Sometime in early July, defendant confronted Hilaria outside the home of her friends, Evangelina and Juan Brezeno. He threatened to kill Juan if Hilaria did not go with him. He also threatened several neighbors who were there and ordered them not to help Hilaria or he would report them all to the Border Patrol. Fearing for her neighbors, Hilaria took her son and accompanied defendant.
He drove them to his trailer in Fresno, put the child on the floor, and ordered Hilaria onto the bed. Defendant's mother and sister arrived at that point. He told Hilaria if she made any noise, the same thing that happened to his brother would happen to her. Defendant previously told her he had killed his brother with a knife.
Defendant's mother inquired if Hilaria was present. One of Hilaria's Sanger acquaintances called Mrs. Solis and said the police were looking for defendant. The acquaintance said defendant had taken Hilaria away by force. When defendant admitted Hilaria was with him, his mother and sister left and went into the house. He then raped Hilaria in the trailer and took her back to Sanger the following day. Hilaria did not call the police because defendant had threatened to contact immigration authorities and to make her son "disappear."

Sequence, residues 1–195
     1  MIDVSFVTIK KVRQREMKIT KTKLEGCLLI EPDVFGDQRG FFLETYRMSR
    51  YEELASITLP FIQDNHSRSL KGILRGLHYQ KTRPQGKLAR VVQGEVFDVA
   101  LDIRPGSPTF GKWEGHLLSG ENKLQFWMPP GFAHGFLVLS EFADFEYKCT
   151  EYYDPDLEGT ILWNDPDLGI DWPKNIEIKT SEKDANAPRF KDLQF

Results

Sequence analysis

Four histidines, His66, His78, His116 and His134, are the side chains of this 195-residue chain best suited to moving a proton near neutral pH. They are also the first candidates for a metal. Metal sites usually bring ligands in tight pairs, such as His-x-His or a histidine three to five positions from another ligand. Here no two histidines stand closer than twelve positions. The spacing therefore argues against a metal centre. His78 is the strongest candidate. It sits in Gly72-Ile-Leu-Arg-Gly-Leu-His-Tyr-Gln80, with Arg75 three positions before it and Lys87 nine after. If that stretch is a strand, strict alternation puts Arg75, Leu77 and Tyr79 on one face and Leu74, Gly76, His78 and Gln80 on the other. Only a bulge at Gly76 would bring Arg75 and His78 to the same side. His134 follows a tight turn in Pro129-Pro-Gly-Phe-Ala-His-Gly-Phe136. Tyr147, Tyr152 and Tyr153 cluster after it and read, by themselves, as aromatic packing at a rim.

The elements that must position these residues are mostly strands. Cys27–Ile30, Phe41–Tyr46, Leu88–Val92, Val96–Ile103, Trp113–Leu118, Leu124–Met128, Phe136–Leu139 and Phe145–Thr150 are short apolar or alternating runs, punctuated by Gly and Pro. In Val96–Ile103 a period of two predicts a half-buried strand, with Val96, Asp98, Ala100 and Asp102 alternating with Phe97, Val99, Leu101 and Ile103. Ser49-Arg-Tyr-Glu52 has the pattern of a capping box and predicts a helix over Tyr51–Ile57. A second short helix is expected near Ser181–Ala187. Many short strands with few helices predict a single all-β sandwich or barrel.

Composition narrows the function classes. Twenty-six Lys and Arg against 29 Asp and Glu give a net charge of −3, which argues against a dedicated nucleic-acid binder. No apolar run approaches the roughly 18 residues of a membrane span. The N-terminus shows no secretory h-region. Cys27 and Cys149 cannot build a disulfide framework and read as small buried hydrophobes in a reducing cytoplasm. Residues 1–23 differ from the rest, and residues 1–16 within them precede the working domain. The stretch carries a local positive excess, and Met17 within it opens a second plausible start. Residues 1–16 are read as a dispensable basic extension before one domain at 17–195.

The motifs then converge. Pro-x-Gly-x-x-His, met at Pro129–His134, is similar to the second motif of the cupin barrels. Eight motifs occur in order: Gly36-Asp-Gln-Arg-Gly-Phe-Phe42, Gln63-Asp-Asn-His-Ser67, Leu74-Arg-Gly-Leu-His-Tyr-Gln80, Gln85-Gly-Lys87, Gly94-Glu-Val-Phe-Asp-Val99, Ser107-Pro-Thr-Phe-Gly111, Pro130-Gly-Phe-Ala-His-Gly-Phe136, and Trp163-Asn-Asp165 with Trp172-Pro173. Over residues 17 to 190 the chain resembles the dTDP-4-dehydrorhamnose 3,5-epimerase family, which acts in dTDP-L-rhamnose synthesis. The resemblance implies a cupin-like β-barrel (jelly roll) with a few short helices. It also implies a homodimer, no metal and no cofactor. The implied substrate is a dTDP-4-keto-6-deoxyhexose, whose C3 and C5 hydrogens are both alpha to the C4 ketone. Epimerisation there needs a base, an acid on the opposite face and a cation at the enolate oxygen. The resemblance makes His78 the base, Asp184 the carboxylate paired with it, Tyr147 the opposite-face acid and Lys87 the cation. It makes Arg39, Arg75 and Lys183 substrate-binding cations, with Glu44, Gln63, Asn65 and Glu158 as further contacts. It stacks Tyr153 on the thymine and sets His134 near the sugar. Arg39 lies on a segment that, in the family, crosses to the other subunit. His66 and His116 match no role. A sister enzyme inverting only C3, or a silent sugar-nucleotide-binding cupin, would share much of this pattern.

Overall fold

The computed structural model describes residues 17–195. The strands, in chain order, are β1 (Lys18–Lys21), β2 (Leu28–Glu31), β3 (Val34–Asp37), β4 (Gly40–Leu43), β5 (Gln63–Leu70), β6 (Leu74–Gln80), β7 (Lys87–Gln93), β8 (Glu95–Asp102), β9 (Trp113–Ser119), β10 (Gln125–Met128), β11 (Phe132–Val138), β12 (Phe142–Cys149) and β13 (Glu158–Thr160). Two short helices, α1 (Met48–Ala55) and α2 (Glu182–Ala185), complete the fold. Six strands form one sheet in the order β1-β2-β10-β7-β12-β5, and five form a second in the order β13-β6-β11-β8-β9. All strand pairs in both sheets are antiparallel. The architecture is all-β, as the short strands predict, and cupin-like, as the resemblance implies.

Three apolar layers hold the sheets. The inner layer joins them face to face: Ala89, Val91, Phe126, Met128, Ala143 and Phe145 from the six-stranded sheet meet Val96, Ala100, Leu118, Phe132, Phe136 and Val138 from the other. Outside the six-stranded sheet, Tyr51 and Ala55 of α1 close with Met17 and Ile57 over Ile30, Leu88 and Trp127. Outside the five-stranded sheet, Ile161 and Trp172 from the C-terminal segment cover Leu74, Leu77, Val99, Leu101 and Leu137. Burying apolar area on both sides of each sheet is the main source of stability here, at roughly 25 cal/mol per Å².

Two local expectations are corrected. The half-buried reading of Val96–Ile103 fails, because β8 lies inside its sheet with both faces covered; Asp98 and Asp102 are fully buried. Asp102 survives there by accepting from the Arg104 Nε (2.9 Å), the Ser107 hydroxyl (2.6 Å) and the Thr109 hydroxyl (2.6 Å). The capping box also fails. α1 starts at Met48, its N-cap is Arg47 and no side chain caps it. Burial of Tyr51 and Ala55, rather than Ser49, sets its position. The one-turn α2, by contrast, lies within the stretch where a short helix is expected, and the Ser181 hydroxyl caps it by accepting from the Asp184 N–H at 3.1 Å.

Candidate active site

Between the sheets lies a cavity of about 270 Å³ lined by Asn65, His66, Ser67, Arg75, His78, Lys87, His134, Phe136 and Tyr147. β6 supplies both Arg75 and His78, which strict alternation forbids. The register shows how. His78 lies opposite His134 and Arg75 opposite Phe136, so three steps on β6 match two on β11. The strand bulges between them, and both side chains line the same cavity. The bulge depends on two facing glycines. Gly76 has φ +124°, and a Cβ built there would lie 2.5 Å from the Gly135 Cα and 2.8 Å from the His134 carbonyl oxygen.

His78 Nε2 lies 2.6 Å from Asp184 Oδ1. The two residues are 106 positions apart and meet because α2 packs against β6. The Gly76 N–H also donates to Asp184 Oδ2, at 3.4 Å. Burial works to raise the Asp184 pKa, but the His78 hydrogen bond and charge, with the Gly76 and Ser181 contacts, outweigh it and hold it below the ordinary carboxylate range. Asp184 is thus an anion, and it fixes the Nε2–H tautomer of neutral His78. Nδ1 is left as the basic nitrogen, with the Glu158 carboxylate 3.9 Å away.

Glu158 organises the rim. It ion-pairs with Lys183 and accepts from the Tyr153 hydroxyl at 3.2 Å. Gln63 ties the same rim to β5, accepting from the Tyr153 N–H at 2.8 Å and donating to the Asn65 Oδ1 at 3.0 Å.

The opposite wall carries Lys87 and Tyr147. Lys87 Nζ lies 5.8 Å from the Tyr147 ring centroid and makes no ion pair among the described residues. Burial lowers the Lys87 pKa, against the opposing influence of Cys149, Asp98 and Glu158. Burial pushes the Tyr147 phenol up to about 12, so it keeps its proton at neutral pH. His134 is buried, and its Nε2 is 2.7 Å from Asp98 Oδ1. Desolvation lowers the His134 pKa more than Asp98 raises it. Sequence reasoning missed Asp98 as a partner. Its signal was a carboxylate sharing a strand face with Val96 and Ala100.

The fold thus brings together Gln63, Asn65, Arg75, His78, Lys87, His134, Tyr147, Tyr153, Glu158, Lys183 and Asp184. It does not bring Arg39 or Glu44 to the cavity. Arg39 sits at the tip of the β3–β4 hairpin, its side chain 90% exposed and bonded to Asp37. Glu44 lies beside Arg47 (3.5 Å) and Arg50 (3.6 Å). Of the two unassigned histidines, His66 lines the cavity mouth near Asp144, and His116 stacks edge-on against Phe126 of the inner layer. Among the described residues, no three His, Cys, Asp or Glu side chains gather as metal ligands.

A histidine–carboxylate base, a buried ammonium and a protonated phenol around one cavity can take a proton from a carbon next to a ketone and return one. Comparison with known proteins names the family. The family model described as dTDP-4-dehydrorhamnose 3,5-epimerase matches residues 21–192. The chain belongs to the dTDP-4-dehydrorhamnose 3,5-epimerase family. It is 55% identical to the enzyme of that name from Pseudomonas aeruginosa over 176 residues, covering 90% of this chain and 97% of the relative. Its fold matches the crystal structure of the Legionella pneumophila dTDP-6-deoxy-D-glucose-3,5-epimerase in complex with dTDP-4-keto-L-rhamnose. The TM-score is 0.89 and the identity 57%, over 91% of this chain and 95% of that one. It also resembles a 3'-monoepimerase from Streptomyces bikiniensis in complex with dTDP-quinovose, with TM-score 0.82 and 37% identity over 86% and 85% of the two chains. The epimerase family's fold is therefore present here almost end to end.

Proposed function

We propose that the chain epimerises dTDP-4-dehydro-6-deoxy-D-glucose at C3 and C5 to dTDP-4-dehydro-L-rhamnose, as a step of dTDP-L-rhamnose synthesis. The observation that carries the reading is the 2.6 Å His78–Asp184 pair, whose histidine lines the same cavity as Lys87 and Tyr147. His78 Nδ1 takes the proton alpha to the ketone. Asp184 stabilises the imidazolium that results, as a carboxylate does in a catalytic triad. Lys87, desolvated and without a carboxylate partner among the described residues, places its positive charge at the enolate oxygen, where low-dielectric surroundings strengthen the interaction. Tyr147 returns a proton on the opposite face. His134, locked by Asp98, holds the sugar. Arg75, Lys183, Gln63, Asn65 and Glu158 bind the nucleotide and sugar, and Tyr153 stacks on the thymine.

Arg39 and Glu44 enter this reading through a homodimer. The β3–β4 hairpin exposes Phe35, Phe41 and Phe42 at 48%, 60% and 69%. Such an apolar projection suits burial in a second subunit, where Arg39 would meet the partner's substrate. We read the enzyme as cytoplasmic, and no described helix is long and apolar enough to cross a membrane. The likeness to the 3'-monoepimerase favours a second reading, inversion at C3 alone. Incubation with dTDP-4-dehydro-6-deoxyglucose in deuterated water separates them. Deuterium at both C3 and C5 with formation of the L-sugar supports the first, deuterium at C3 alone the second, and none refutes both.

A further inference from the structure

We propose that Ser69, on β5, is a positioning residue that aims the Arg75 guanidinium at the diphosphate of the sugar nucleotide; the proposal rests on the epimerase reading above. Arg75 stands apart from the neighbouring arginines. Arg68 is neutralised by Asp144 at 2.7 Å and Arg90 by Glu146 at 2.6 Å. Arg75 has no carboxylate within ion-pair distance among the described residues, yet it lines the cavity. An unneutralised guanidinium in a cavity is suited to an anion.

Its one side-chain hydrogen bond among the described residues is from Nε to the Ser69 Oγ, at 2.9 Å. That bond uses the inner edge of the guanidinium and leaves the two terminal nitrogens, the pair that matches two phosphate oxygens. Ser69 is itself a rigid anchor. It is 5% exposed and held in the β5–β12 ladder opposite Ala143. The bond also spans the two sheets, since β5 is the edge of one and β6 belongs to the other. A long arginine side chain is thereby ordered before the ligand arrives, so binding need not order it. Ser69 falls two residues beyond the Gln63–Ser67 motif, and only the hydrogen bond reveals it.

On July 7, 1983, Hilaria was at home with her son when she received a 1:30 a.m. telephone call from defendant. Defendant said he wanted her to live with him again and he would take her by force if she did not comply. Hilaria immediately awakened her son, began dressing him, and prepared to leave. She was afraid defendant would do something to her or her child. Before she could finish, defendant broke through the back door of her home, knocked down a chair she had placed there for protection, and splintered [172 Cal. App. 3d 882] the door jamb. Hilaria ran to call the police, but defendant got a knife from the kitchen and threatened her. Hilaria did not complete the call because she was afraid he would stab her in the back as he had done his brother. He ordered her onto the bed and then raped her. Defendant fell asleep around 5 a.m. and Hilaria slipped out of the house. She ran next door where her neighbor, Maria Lopez, called the police.